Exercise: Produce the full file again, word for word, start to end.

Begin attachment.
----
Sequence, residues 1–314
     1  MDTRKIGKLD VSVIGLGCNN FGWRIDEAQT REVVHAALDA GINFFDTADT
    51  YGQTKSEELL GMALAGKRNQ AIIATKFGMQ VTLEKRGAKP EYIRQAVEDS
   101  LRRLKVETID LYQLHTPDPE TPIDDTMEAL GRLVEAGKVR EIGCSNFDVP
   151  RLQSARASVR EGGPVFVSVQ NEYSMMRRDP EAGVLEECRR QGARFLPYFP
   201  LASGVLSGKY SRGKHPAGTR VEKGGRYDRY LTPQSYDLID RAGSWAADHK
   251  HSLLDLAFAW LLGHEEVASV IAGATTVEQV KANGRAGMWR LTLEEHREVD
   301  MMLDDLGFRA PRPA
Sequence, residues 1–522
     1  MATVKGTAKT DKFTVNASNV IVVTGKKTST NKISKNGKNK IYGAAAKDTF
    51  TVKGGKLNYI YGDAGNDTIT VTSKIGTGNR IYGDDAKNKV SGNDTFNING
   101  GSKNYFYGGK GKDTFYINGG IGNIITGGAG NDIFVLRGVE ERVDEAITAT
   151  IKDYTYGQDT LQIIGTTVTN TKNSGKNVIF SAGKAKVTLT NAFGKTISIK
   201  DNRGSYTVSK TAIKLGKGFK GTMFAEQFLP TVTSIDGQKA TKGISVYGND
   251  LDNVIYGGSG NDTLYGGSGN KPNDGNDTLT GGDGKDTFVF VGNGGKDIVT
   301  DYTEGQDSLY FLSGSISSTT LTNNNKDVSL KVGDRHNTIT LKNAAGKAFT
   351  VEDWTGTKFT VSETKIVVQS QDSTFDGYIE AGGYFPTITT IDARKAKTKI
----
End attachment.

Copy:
Sequence, residues 1–314
     1  MDTRKIGKLD VSVIGLGCNN FGWRIDEAQT REVVHAALDA GINFFDTADT
    51  YGQTKSEELL GMALAGKRNQ AIIATKFGMQ VTLEKRGAKP EYIRQAVEDS
   101  LRRLKVETID LYQLHTPDPE TPIDDTMEAL GRLVEAGKVR EIGCSNFDVP
   151  RLQSARASVR EGGPVFVSVQ NEYSMMRRDP EAGVLEECRR QGARFLPYFP
   201  LASGVLSGKY SRGKHPAGTR VEKGGRYDRY LTPQSYDLID RAGSWAADHK
   251  HSLLDLAFAW LLGHEEVASV IAGATTVEQV KANGRAGMWR LTLEEHREVD
   301  MMLDDLGFRA PRPA
Sequence, residues 1–522
     1  MATVKGTAKT DKFTVNASNV IVVTGKKTST NKISKNGKNK IYGAAAKDTF
    51  TVKGGKLNYI YGDAGNDTIT VTSKIGTGNR IYGDDAKNKV SGNDTFNING
   101  GSKNYFYGGK GKDTFYINGG IGNIITGGAG NDIFVLRGVE ERVDEAITAT
   151  IKDYTYGQDT LQIIGTTVTN TKNSGKNVIF SAGKAKVTLT NAFGKTISIK
   201  DNRGSYTVSK TAIKLGKGFK GTMFAEQFLP TVTSIDGQKA TKGISVYGND
   251  LDNVIYGGSG NDTLYGGSGN KPNDGNDTLT GGDGKDTFVF VGNGGKDIVT
   301  DYTEGQDSLY FLSGSISSTT LTNNNKDVSL KVGDRHNTIT LKNAAGKAFT
   351  VEDWTGTKFT VSETKIVVQS QDSTFDGYIE AGGYFPTITT IDARKAKTKI